TDs: Only a fifth of their workload relates to lawmaking duties…

In the wake of last night’s Second Republic debate at Leviathan, here’s another good reason to take a long look at the current democratic arrangements in the Republic are fit for purpose…

…politics at national level is not a priority for the majority of TDs. When they do contribute to national politics, 26pc of their time is spent attending Dail committees. Preparing changes to laws and speaking in the Dail accounted for just over one-fifth of their work at national level, while asking ministers questions about legislation takes up just 13pc of their time.

Okay, real dog bite man stuff, but… here’s the interesting thing.. there appears to be a real appetite for change amongst those homebird politicians…

Over 40pc of those who replied to the questionnaire believe that a new voting system should be introduced to change the way TDs are elected. It is a marked increase in the appetite for change, compared to a similar survey in 1999 when just over a quarter of TDs wanted a new system.

The preferred new means of electing TDs was a ‘mixed system’ whereby voters typically cast one vote to elect an individual TD and a separate vote for the party of choice.

It’s hardly surprising… Ireland has had floods before, and heavy snows and persistently freezing temperatures… I am sure it’s even had bridge collapses too… but there is a quiet panic inside the political classes that this lack of national focus in political life has left the country in a parlous situation that cannot be just be blamed on the parochial stupidity of council councils run by opposition parties…

May Mark will believe me now… Cut to the last ten minutes of our podcast discussion on the deleterious effects of STV PR…

  • Jimmy Sands

    Given the oft repeated statistic that the Dail sits fewer than 100 days a year I’m surprised it’s as high as that. Halve the Dail, scrap the Seanad and make the survivors work full time.

  • Marcionite

    Its a problem that lies at the heart of most parliamentary systems. The local MP is serves the function of social worker, campaigner, party lobby voting fodder.

    Local government powers should be souped up and salaried and given strong powers to deal with local issues. TDs/MP’s should only have the remit of dealing with national issues. Constituency issues should only be in the hands of local councils.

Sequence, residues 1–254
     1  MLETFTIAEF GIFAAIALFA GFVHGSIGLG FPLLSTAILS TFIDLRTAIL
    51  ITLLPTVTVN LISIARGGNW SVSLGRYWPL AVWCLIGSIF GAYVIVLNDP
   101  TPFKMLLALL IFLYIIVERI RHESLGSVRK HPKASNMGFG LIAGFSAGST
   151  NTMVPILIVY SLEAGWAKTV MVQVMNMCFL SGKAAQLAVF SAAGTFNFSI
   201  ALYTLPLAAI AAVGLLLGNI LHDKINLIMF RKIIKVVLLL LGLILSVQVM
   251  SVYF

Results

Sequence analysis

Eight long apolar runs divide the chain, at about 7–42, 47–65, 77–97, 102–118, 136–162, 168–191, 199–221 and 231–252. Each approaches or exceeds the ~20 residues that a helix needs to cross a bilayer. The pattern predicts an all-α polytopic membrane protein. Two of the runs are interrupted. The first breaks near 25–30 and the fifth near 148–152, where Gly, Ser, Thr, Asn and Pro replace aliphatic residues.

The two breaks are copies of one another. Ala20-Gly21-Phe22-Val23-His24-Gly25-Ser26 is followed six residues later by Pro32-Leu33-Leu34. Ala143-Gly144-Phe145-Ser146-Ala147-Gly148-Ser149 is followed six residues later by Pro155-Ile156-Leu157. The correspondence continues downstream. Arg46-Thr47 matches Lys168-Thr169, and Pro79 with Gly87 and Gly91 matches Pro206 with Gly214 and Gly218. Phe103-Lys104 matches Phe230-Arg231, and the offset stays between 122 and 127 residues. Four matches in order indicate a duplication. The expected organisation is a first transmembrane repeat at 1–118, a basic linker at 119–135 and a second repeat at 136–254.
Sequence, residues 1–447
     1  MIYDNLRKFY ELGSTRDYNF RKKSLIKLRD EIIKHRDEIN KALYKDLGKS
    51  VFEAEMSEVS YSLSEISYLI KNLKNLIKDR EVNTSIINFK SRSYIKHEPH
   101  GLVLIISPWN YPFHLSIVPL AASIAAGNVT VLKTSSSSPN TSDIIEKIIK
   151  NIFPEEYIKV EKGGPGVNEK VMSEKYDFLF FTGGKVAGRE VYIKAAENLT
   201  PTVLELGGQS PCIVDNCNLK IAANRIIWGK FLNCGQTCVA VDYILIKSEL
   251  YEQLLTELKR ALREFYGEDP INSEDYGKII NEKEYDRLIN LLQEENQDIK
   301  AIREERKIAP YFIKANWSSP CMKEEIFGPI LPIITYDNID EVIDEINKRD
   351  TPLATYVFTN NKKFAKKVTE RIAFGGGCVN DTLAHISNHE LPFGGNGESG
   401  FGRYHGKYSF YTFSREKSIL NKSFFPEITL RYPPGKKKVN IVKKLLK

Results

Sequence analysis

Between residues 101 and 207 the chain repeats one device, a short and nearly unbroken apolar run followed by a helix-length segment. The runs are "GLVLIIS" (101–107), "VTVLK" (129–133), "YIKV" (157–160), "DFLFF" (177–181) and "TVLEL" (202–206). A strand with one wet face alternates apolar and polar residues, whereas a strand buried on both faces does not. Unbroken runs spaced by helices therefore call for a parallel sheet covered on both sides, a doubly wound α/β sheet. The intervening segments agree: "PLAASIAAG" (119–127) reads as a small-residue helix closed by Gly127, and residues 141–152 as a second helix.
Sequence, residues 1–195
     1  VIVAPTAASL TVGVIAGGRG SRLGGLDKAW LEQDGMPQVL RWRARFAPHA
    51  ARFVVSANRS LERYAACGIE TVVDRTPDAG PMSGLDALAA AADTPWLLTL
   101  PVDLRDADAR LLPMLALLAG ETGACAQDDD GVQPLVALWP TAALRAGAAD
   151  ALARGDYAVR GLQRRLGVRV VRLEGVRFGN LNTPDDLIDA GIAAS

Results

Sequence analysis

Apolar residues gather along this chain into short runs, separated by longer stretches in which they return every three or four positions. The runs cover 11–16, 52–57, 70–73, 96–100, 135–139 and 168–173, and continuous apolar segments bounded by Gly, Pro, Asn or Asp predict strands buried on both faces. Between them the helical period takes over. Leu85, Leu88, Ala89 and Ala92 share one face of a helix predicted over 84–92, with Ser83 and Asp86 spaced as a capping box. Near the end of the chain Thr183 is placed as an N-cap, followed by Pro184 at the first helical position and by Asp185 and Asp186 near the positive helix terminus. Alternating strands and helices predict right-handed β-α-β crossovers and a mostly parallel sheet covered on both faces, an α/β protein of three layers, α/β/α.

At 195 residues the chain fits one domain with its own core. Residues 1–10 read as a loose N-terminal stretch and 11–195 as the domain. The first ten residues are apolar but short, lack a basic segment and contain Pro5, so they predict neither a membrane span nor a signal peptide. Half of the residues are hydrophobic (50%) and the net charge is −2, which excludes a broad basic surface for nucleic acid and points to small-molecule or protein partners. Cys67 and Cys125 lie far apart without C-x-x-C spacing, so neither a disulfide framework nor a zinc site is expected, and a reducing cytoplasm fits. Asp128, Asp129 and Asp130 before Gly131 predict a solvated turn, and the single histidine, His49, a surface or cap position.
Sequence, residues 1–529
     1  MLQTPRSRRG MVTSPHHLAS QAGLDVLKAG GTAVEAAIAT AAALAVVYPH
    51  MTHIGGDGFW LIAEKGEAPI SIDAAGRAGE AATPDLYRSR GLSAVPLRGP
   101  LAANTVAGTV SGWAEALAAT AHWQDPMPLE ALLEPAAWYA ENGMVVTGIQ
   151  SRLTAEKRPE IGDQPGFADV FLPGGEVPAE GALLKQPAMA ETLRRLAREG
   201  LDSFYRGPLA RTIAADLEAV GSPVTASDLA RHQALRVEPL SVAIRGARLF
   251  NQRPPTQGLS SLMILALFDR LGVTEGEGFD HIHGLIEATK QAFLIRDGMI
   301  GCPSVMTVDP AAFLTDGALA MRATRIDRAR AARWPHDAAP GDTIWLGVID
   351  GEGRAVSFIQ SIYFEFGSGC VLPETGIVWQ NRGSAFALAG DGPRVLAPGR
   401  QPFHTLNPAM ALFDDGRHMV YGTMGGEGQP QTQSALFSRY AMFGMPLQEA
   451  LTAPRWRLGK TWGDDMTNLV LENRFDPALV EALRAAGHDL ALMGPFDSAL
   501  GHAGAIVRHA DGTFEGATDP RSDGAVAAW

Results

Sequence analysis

A code of ethics should prevent Councils from lobbying their TD/MP and also, TD/MP should never have served as a councillor but the role of councillor should be promoted to be on a par with that of TD except one is local, and one is national.

    Also, members of the executive should not be drawn from the legislature. They should be appointed from fields outside politics but subject to approval and constant scrutiny from legislature committees.

  • Greenflag

    marcionite ,

    ‘They should be appointed from fields outside politics but subject to approval and constant scrutiny from legislature committees.’

    You mean like all those ‘experts’ that are non elected and get appointed to former President Clinton’s and Bush’s and Obama’s executive and use their expertise to help destroy their economy and indeed the entire world economy ?

    I’m somewhat relieved to find that our TD’s spend only 20% of their time on legislating . Imagine the destruction they’d have wrought if they focused 100% of their time on legislation ?

    A wise man was quoted as saying that it’s perhaps not ever a pleasant thing to see how laws and sausages are made .

    ‘Where there is law there is injustice’

    Thrasymachus 3rd century -Greece

    ‘Where there is no law there is even more injustice ‘ Greenflag 21st century 😉

    And when the law is an ass as it often has been then it needs changing .

    In medieval England it was legal to hang 5 year old children for theft . In 18th century Britain it was legal to work 6 year old children in textile factories and in mines . In 19th century USA it was legal to buy and sell slaves on the ‘free market ‘

    In 21 st America it is legal to employ somebody at minimum wage -dismiss them at will and without cause -not pay them overtime and not allow them to have paid vacation -deny them sick pay and fire them if they want to join a union -In addition they can be refused a wage increase regardless of inflation and if they don’t like all of that they can be fired to join the other 27 million jobless .